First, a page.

Five years ago today was the last time the lights went out. That was the day I hit the bottom of my black hole. April 25, 2006. I had been falling for awhile but that day I went into a free fall.

I got up that morning and went to a spin class at the gym. I needed something to make me feel better. Since I had gotten clean and sober six years earlier, I could no longer self medicate with a bottle of chardonnay or a joint. Instead, I used endorphins.

I got on my bike at 6 am. I pedaled hard. My lips flapped  like a racehorse exhaling hard. Sweat dripped from my nose and foam formed  in the corners of my mouth. Nothing. Faster. Harder. Faster. Harder. Nothing. No endorphins. My legs wobbled when I got off the bike. No endorphins. No rush. No nothing.

I went home, showered, changed and got ready for work. I walked through the lobby of the newspaper where I work and felt completely disconnected from my body. It was like I was watching myself. I sat at my desk and that’s when the lights went out. I don’t remember if I was crying but I left. Game over. Sayanara. Lights out.

People wondered where I was. The phone rang but I didn’t answer it. I sent my editor a text. I don’t remember what it said, something to the effect “I can’t work. I can’t talk. I don’t know when I will be back.”

Mostly I felt catatonic. It was like I had become numb to the anguish. I couldn’t focus. I stared. Finally, I called  a friend who has suffered her whole life with bipolar disorder I. Horrific rapid cycling. I don’t remember a lot of the conversation – where is your daughter? Are you thinking of killing yourself? You need to go to the hospital?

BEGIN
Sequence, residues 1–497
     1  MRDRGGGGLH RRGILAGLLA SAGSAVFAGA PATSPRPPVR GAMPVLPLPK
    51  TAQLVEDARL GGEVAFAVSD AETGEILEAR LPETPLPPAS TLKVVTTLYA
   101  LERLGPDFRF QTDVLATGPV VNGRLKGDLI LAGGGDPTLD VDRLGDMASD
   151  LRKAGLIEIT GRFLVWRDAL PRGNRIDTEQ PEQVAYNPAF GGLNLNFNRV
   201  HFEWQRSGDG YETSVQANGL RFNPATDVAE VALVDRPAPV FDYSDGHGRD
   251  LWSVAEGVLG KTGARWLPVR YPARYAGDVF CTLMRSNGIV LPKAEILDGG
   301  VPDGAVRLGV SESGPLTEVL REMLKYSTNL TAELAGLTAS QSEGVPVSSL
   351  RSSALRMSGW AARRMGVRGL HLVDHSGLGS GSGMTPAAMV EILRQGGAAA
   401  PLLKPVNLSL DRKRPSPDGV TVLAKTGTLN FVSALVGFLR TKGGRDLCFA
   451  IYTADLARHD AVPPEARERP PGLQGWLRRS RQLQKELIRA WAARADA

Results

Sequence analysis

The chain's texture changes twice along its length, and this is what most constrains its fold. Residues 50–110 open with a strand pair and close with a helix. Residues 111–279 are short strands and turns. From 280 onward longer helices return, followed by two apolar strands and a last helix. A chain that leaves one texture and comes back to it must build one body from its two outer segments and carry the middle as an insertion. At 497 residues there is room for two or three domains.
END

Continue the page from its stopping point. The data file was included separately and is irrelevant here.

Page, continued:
Instead, I ended up in the office of a nurse practitioner. I don’t remember how I got there – I must have driven myself. I learned later that she and my friends were a frog’s hair from putting me in the hospital. It was one of the worst days of my life, right up there with the days my parents died.

I felt so ashamed and weak and indifferent and hopeless and numb. I stopped eating. I couldn’t sleep. It took two months of rest, therapy, residential treatment and more rest before I was well enough to go back to work. Nothing has been the same since.

I have devoted my life to never, ever falling into another major depression. It’s like there was my life before the depression and now there is life after the depression. I did a thorough inventory of my mental health and clearly saw I had suffered several major depressions before – each one progressively worse.

Odds are I will suffer another. I know that. So, I am always vigilant about how much I sleep, what I eat, the people I choose to be with and how much I work. I’m not always good at it but I keep trying. I know my depression could kill me just as easily as cancer.

I got up this morning oblivious to this anniversary. I went to the gym, the dog park and then to my nurse practitioner for my 3-month check-up. We chatted, she gave me some sage advice, which she reminded me was mine to follow – or not. She renewed my prescriptions, we scheduled another appointment and I left.

It wasn’t until this afternoon that I realized that I had sat in her office exactly five years ago. Barely able to talk. Skinny. Hollow eyed. Not really wanting to live.

Five years, exactly.

Amazing.

 


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    Last reviewed: 26 Apr 2011

APA Reference
Stapleton, C. (2011). My Last Major Depression: April 25, 2006. Psych Central. Retrieved on December 20, 2014, from http://blogs.psychcentral.com/depression/2011/04/2424/

 

Hoping for a Happy Ending
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Christine Stapleton

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